Concussion injuries may clinically be described as a moderate head injury
from a mild blow to the head but the truth is that they can lead to lifelong
complications and serious problems if they are not addressed properly.
Do not mistake the subtlety of a concussion for it being harmless. If
you or someone you know has suffered a concussion, it is crucial that
you act fast and get necessary medical attention. Of course, the best
way to avoid complications from a concussion injury is to never get one
in the first place, and understanding concussions is the key to their
Concussion Injury FAQ
What causes a concussion?
A concussion is a direct result of physical violence to the head, such
as a strong blow. The brain rattles inside the skull, hitting the bone
walls, and sustaining bruising or mild bleeding. If the damage is extensive,
it can lead to oxygen loss in the brain, worsening symptoms considerably.
I didn’t fall unconscious when struck – could I still have
Yes. Unconsciousness is merely a side effect of a serious head injury
like a concussion, it is not a cause. If you have been hit in the head
but remained conscious the whole time afterwards, you may still have a
What are the most common symptoms of a concussion?
Although a concussion can lead to numerous mental complications, there
are a few symptoms that are more common and act as telltale signs, such
as an immediate headache, loss of coordination and balance, nausea and
vomiting, tinnitus or temporary hearing loss, and exhaustion.
Do helmets really help prevent concussions?
Absolutely. The Centers for Disease Control and Prevention (CDC) has found
that helmets in inherently dangerous activities, such as sports or motorcycle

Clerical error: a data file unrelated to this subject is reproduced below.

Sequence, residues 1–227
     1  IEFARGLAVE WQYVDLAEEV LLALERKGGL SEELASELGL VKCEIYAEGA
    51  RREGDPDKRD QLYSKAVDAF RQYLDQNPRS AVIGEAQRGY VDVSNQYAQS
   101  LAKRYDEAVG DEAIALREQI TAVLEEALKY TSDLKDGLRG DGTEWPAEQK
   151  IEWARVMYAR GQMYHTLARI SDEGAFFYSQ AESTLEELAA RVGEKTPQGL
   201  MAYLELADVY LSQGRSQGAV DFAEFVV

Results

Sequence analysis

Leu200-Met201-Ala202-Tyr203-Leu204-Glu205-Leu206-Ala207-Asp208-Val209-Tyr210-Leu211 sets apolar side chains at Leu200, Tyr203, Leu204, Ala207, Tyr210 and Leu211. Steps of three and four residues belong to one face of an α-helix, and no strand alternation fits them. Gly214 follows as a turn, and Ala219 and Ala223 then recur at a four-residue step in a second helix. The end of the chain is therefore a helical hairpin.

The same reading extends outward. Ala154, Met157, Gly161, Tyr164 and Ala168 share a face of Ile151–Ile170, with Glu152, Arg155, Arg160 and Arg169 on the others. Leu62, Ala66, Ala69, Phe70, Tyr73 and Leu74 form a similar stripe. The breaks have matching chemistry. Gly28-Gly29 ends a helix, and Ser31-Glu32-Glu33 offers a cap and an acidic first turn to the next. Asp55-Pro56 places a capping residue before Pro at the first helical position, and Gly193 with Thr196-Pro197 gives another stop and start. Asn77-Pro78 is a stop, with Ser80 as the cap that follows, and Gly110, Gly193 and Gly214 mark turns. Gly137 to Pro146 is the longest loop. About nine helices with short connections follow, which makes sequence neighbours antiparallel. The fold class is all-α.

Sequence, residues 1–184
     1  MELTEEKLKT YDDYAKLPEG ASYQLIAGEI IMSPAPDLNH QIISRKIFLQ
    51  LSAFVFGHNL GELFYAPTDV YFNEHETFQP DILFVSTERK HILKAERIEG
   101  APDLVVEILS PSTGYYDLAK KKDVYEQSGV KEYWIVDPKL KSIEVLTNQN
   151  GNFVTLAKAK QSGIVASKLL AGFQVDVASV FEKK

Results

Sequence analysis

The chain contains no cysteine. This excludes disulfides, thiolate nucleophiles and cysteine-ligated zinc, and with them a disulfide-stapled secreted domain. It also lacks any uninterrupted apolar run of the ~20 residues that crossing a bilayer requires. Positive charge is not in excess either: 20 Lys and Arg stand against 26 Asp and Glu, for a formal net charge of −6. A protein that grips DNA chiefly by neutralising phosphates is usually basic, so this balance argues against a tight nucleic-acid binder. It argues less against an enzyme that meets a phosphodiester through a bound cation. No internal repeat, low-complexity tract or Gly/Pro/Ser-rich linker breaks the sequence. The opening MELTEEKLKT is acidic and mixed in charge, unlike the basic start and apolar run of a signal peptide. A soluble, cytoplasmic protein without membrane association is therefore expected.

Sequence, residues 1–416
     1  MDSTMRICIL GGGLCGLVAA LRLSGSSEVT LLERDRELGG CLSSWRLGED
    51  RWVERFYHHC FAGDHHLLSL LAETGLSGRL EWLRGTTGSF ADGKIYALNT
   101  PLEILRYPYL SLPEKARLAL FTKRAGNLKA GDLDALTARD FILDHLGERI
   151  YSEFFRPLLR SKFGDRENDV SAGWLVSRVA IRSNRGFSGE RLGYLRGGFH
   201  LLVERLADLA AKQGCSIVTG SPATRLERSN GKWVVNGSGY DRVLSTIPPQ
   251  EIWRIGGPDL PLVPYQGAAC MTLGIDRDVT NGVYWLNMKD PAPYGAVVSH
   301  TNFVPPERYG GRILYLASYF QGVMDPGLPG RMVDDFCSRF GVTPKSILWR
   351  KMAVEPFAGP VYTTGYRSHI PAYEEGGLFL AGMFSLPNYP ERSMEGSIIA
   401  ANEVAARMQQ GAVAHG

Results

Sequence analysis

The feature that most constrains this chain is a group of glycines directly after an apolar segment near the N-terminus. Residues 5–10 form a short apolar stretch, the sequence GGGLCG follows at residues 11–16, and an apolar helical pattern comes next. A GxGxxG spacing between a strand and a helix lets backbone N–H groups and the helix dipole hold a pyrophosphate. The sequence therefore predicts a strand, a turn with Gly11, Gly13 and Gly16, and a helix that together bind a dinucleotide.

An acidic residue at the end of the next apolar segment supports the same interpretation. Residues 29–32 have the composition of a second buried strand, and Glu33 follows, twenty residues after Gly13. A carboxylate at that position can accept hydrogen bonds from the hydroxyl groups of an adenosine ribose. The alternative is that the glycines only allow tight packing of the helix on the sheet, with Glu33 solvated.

riding, will prevent a traumatic brain injury 25% of the time and a concussion
or other head injury 75% of the time. If you are partaking in an activity
that should be accompanied by a helmet, please wear one.
Is falling asleep deadly if you have a concussion?
The first thing people tend to say once they discover someone has a concussion
is for them to not fall asleep, or else they will die. This is good advice
but greatly exaggerated. If you suffer a concussion that is accompanied
by more severe symptoms, such as vomiting and stupor, you should not fall
asleep until the conditions are alleviated, or else the brain may lose
oxygen. If you suffer a concussion but retain total cognitive and motor
control, sleep is not considered highly dangerous. Either way, see a medical
professional immediately after suffering a concussion, which means before
you go to bed.
How long do concussion symptoms last?
Most concussions will last at least a week – you may now understand
why “not falling asleep” is an unlikely option – but
some weaker symptoms can last up to a month. Do not be alarmed if several
days go by and you still have waves of dizziness or random headaches.
Once again, see a doctor for diagnosis and they can probably give you
an idea of how long your symptoms will persist.
Is there a cure for a concussion?
Brain injuries are complicated, no matter how you analyze them. Treating
them is not like suturing up a laceration. Concussions, therefore, have
no direct cure but rest, relaxation, and limiting the brain’s usage
can help alleviate symptoms and pain. Do not involve yourself in any situations
that could cause subsequent concussions, do not read or watch television
for extended periods of time, and avoid socializing. Basically, you should
try to go into hibernation for at least a week.
Sometimes all the information and preparation in the world is not enough
to prevent a concussion, especially if a negligent third-party is the
cause of it. In such situations, you should
contact our Irvine brain injury attorney from The Law Offices of Thomas E. Rockett.
We may be able to help you secure maximum compensation for your
brain injury and recuperate in comfort.